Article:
OHA Policy on Public Resolutions


  1. Public statements should address matters of clear common professional interest and concern to the Association’s membership, or matters about which the Association’s members have special knowledge and/or expertise.
  2. The OHA should be strategic in selecting matters on which to speak out. Public statements should fit into a thoughtful strategy for timely communication to relevant audiences, and make a contribution to better public understanding of the matter being addressed. They should also be in conformity with the mission and goals of the OHA, and with the OHA strategic plan.
  3. A resolution is not the only way to best accomplish a desired end.
  4. Proposals for public statements should include appropriate contextualization of the issue at hand, the specifically oral historical dimensions of the matter, and how and for whom the statement would be used.
  5. OHA Council, membership, and participants in the business meeting need sufficient time for full and thoughtful deliberation.


  1. Ultimately approval of public statements and authority for appropriate relevant action rests with the OHA Council, the governing body of the organization.
  2. Any proposal for a public resolution must come to the OHA executive office and president at least 45 days before the annual meeting. Proposals must be signed by at least ten individual members in good standing. Proposals should be in conformity with the above guidelines.
  1. If the president deems the proposal to be in conformity with the guidelines, the president will appoint an ad hoc committee to review the issue and recommend a course of action. Only OHA members can serve on the committee, which should include one of the members who suggested the issue and at least one Council member.
  2. The committee is intended to act as a catalyst and resource, not as a censor or arbiter of what positions OHA should or should not endorse. The OHA Executive Director will work to ensure timely and comprehensive consideration of the issue, including possible courses of action.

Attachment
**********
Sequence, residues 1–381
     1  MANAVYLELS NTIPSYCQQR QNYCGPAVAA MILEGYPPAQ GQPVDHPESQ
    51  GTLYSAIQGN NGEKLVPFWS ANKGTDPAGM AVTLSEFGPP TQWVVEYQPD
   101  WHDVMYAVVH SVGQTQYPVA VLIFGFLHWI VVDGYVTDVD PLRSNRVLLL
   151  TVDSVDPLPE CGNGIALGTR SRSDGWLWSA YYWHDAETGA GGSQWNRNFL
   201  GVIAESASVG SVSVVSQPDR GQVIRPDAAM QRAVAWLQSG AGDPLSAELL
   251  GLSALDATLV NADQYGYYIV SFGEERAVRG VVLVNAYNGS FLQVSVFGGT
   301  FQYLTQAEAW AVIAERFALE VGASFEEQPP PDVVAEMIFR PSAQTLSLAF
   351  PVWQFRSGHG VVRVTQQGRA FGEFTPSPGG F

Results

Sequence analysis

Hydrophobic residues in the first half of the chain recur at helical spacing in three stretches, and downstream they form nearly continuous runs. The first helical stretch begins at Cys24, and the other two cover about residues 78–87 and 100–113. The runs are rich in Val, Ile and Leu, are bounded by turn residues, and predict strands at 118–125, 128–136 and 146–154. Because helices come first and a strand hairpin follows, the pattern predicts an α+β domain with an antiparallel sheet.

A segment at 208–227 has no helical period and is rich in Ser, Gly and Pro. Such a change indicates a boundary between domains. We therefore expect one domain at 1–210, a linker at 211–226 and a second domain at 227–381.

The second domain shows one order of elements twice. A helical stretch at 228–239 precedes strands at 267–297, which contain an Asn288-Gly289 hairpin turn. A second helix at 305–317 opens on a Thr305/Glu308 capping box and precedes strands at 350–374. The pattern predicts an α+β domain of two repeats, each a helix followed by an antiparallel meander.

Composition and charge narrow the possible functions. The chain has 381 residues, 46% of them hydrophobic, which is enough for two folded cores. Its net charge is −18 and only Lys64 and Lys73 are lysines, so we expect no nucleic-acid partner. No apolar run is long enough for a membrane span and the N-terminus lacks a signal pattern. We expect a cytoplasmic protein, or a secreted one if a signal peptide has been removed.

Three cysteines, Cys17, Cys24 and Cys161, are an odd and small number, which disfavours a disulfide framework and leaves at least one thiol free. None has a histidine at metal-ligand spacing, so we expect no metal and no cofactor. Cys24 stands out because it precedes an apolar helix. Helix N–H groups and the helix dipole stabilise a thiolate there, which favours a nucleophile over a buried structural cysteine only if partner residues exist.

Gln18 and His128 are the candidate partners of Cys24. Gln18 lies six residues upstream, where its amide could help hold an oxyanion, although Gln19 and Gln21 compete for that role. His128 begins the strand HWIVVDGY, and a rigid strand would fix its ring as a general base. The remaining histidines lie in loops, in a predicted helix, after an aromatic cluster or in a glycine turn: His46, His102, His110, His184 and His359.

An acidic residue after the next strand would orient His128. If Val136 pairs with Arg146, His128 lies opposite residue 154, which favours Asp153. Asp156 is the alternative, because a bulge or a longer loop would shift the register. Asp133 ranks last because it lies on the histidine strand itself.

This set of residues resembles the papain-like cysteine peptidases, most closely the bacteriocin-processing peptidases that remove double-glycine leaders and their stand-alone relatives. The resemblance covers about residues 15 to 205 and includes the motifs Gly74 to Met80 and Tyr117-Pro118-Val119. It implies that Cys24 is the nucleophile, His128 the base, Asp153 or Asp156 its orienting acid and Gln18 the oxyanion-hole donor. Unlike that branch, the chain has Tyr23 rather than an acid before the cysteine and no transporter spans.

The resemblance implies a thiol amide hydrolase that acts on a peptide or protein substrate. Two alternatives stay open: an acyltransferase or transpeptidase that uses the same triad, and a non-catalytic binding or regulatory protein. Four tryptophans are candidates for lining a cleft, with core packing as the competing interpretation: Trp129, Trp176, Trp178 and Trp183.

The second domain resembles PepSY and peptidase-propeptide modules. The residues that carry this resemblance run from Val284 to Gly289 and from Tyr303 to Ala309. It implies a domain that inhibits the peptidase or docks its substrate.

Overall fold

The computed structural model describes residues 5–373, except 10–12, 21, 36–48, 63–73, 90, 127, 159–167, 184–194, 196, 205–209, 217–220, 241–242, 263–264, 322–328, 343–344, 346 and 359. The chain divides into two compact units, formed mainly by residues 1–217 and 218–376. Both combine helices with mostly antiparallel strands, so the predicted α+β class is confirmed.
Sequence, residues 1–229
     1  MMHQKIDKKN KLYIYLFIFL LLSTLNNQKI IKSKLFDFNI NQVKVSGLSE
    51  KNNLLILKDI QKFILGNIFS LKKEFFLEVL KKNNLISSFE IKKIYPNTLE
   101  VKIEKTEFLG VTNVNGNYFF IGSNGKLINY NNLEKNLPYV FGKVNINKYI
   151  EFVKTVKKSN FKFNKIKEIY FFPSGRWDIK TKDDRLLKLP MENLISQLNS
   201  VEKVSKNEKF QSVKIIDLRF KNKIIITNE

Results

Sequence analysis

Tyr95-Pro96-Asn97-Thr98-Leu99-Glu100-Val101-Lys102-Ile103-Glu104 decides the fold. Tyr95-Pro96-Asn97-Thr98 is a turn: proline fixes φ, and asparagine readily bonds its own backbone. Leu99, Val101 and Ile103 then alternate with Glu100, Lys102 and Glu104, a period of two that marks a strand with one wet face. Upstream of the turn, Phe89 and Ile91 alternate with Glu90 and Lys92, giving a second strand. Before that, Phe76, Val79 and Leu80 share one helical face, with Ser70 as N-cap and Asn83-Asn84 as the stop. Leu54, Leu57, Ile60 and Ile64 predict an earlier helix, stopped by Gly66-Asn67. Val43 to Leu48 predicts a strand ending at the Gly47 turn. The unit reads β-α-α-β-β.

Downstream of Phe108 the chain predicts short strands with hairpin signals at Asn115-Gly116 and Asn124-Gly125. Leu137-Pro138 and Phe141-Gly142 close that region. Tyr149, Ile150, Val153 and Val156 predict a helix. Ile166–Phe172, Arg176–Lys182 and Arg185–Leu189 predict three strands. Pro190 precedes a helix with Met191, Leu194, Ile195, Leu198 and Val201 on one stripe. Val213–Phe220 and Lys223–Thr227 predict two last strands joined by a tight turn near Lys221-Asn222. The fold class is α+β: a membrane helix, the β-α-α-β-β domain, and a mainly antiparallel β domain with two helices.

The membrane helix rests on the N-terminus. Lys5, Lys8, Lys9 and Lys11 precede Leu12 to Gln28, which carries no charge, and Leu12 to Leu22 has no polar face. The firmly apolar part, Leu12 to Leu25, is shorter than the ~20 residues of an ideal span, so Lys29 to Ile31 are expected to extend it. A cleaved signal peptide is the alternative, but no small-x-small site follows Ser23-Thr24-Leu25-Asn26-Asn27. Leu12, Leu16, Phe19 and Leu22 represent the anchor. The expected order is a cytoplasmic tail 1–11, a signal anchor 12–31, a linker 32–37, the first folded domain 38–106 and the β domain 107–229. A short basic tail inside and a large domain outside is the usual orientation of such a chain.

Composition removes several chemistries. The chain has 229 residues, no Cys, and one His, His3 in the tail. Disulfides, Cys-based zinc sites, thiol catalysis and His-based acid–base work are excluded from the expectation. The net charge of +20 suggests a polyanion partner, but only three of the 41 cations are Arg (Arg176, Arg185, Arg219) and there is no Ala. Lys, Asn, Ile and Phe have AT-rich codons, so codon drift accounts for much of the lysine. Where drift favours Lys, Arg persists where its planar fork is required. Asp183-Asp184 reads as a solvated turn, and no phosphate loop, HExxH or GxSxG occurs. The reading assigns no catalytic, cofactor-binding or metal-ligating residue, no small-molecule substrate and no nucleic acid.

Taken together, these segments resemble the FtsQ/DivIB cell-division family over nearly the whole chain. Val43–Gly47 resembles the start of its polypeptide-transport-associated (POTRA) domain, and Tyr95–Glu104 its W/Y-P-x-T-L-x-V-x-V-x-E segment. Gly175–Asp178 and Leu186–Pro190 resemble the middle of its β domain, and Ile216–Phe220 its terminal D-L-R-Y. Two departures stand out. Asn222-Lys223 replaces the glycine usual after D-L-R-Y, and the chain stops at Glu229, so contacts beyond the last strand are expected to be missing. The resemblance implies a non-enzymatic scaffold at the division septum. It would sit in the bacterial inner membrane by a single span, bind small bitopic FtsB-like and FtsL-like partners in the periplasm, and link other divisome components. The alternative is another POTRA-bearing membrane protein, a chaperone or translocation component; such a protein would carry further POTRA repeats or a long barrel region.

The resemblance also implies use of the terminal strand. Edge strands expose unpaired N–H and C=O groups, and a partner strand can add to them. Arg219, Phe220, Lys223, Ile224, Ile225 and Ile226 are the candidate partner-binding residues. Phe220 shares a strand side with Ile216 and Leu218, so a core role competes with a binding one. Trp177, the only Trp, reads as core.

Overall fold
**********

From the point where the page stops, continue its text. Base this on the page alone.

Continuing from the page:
3. The committee will make a recommendation, including a background statement about the issue, to the president who will submit it to the full Council. If action is required, a motion will be put forth before the Council. Among other courses of action, the Council may endorse the proposal as presented, may request revisions to strengthen the form or substance of the proposal, decline endorsement, or choose to submit it for consideration at the business meeting. The committee should act in a timely fashion and should make its recommendation at least three weeks before the annual meeting.  Council will notify the committee and proposal writers of its decision in a timely fashion.
  4. If Council decides to submit the proposal to participants at the annual business meeting, the committee’s report will be distributed electronically to the membership at large not later than two weeks before the annual meeting, and a print copy will be included in the conference packet at the meeting. Members who wish to submit additional relevant materials for consideration must do so through the executive office no later than one week before the meeting. The president must allocate a reasonable and substantial amount of time for discussion of the issue not extending beyond the time scheduled for the business meeting, and will clearly establish the ground rules for discussion. Only members in good standing who have registered for the annual meeting are eligible to vote.
  5. All measures adopted by the business meeting shall come before the Council for acceptance, non-concurrence or veto. If accepted by the Council, they shall be binding on the OHA. The Council may veto any measure adopted at the business meeting that it believes to be in violation of the OHA’s constitution, the law, or financially or administratively infeasible. The Council shall publish an explanation for each such veto. The Council may vote not to concur in any measure adopted by the business meeting. Within ninety days of such vote, the Council shall submit the measure to a vote of the entire membership with an opportunity for the proponents of the measure and the Council to set forth their respective positions. If approved by a majority of the members voting, the measure shall be binding on the OHA.
  6. The annual business meeting may by a vote of two-­thirds of the members present suspend these procedures in the case of an emergency situation. If a measure were adopted in such a case, it would come before Council like any other measure.
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